This seems a slightly more advanced prototype of the team that finished a respectable fourth at the 2007 World Championships. It’s strength on rings is excellent thanks to Bhavsar and Tan, and Artemev, provided he hits his pommel horse routine in team prelims, has a good shot at moving to finals on that event.

Artemev, who once said in an interview that Paul Hamm’s return took the pressure off of people like him to be as “perfect”, is a brilliant gymast on nearly every event. His lines, form and artistry are truly Olympic-caliber. Even with a fall, he’ll carry in a better score on pommels than literally everyone else on this team.

Two withdrawals before anyone even salutes a judge in competition is a lot, and even with alternate David Durante still waiting in the wings, one wonders if it wouldn’t behoove the U.S. to fly another person out to Asia to train — just in case. David Sender, anyone?

Getting to know Joey Hagerty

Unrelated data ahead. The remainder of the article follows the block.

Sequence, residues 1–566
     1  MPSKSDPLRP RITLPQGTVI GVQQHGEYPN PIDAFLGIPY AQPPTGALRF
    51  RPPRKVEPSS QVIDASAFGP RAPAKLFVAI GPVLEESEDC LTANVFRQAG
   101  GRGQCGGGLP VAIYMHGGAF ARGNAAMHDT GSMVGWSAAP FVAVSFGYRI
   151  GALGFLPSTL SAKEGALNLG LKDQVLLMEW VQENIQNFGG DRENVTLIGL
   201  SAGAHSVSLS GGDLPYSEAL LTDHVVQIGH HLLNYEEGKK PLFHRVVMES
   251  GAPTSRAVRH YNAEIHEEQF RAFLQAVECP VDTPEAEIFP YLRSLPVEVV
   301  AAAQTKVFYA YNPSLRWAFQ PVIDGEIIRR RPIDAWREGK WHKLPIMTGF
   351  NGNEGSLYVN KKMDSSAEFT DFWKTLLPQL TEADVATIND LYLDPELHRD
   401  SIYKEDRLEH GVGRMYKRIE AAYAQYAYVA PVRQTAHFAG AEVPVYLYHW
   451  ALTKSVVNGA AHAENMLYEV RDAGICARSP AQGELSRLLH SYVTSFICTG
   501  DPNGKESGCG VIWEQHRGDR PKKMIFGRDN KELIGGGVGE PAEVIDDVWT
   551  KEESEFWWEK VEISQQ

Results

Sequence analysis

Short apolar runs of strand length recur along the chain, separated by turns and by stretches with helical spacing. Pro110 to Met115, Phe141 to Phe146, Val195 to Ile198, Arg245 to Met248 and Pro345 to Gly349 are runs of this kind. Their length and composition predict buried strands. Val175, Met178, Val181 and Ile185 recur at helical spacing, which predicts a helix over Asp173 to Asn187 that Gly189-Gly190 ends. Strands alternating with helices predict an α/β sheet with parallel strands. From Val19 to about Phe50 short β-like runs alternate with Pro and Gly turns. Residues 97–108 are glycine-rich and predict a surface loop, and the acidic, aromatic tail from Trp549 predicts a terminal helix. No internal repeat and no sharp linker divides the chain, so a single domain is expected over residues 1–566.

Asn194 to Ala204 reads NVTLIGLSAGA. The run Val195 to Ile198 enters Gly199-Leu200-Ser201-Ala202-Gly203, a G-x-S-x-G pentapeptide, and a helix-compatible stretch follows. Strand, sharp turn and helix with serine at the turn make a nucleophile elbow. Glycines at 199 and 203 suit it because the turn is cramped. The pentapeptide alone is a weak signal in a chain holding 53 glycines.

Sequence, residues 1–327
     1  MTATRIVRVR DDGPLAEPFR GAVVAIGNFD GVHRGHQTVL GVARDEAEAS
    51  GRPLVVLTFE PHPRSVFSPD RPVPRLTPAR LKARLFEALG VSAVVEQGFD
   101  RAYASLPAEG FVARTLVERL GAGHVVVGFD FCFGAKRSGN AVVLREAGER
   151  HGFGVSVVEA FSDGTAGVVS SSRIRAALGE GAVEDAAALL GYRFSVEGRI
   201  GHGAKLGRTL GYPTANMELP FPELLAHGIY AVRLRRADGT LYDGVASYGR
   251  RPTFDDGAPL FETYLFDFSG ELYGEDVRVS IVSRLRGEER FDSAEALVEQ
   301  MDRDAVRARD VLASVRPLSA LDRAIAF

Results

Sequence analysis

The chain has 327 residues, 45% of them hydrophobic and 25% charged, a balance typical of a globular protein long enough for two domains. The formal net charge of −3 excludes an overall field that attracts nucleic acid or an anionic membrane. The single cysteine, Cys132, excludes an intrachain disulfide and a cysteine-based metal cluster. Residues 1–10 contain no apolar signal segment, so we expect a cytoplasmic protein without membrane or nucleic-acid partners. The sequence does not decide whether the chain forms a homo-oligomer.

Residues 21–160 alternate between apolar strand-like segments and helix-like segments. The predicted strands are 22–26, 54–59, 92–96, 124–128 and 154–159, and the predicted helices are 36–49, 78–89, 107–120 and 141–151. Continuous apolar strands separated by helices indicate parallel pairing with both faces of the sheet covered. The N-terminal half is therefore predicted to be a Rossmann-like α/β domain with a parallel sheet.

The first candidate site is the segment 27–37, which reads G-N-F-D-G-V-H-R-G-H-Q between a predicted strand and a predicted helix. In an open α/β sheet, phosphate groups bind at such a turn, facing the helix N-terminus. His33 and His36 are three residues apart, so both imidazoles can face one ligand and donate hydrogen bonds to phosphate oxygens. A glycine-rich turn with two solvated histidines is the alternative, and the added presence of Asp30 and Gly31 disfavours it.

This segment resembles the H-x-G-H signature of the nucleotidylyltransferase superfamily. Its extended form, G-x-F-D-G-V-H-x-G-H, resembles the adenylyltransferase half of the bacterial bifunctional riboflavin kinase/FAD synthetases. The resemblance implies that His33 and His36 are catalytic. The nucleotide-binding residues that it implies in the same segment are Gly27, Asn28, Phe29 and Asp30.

July 3, 2008

Joey Hagerty proved that he’s got the skills at the 2008 U.S. Championships and Olympic Trials, but the 26-year-old came out of nowhere so quickly that it’s hard to sum him up.

Putting the rest of the team in a nutshell is far simpler. Example:

Paul Hamm — U.S. savior
Morgan Hamm — Like Paul Hamm, but not as many events and with that cool new floor skill
Jonathan Horton — Short daredevil
Justin Spring — Slightly taller daredevil
Kevin Tan — That rings guy

What about Hagerty? Obviously, he’s got an artistic streak.

Joey Hagerty, 2008 Olympic Trials Finals, Floor Exercise:

Otherwise? Hard to tell. Here’s some personal stuff:

– Trained at Gold Cup Gymnastics in Albuquerque, the same gym that produced 1992 Olympic high bar champion Trent Dimas

– Father Mike Hagerty was in a terrible car accident in March and had to be cleared to fly to Philadelphia to watch his son at the U.S. Trials

– Three older sisters, including former level 10 Alena Ziska

– Told his parents he made the team via text message

– Was attending the University of New Mexico, but gymnastics has taken precedence for the time being